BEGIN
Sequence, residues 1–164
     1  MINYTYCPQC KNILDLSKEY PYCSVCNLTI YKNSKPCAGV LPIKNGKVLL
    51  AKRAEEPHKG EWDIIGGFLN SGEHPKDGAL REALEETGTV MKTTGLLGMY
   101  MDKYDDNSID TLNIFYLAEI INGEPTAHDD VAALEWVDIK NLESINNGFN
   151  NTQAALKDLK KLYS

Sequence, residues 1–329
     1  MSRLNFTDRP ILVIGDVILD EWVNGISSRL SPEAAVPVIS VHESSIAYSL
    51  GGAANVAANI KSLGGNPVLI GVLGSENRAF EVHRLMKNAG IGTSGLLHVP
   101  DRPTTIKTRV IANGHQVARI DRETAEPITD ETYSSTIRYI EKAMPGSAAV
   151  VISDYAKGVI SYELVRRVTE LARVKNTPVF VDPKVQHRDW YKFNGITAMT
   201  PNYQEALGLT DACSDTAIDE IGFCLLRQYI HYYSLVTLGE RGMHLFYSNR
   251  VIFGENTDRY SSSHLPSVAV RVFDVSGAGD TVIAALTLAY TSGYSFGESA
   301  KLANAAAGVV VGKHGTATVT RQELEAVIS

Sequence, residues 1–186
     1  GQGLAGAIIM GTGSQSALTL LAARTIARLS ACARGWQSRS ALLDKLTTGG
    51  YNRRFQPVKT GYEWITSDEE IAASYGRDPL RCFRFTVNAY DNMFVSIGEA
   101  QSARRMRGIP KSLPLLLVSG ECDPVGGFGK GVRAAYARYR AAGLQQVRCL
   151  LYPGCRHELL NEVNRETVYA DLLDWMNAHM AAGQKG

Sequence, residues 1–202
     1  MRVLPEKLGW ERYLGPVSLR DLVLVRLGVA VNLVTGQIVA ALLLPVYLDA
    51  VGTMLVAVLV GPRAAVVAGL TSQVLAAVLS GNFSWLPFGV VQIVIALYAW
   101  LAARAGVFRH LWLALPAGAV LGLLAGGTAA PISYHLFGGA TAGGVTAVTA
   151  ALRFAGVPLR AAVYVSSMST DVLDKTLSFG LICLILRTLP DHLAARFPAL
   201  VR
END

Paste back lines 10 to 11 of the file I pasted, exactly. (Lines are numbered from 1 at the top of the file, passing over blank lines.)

   151  VISDYAKGVI SYELVRRVTE LARVKNTPVF VDPKVQHRDW YKFNGITAMT
   201  PNYQEALGLT DACSDTAIDE IGFCLLRQYI HYYSLVTLGE RGMHLFYSNR